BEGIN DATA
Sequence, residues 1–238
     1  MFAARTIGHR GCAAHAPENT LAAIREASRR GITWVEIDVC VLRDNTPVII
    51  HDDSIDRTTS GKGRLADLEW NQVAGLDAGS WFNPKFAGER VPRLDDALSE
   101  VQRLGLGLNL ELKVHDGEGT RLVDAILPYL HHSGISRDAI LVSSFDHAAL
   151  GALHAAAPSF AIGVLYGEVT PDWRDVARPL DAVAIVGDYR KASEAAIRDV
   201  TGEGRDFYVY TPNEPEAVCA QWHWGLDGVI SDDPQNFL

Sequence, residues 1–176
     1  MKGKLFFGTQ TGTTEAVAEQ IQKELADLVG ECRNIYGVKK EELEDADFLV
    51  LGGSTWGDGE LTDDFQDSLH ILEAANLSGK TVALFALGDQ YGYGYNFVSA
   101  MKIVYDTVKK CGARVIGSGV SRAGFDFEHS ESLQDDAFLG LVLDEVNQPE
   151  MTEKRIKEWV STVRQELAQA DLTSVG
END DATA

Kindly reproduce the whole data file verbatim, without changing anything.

Sequence, residues 1–238
     1  MFAARTIGHR GCAAHAPENT LAAIREASRR GITWVEIDVC VLRDNTPVII
    51  HDDSIDRTTS GKGRLADLEW NQVAGLDAGS WFNPKFAGER VPRLDDALSE
   101  VQRLGLGLNL ELKVHDGEGT RLVDAILPYL HHSGISRDAI LVSSFDHAAL
   151  GALHAAAPSF AIGVLYGEVT PDWRDVARPL DAVAIVGDYR KASEAAIRDV
   201  TGEGRDFYVY TPNEPEAVCA QWHWGLDGVI SDDPQNFL

Sequence, residues 1–176
     1  MKGKLFFGTQ TGTTEAVAEQ IQKELADLVG ECRNIYGVKK EELEDADFLV
    51  LGGSTWGDGE LTDDFQDSLH ILEAANLSGK TVALFALGDQ YGYGYNFVSA
   101  MKIVYDTVKK CGARVIGSGV SRAGFDFEHS ESLQDDAFLG LVLDEVNQPE
   151  MTEKRIKEWV STVRQELAQA DLTSVG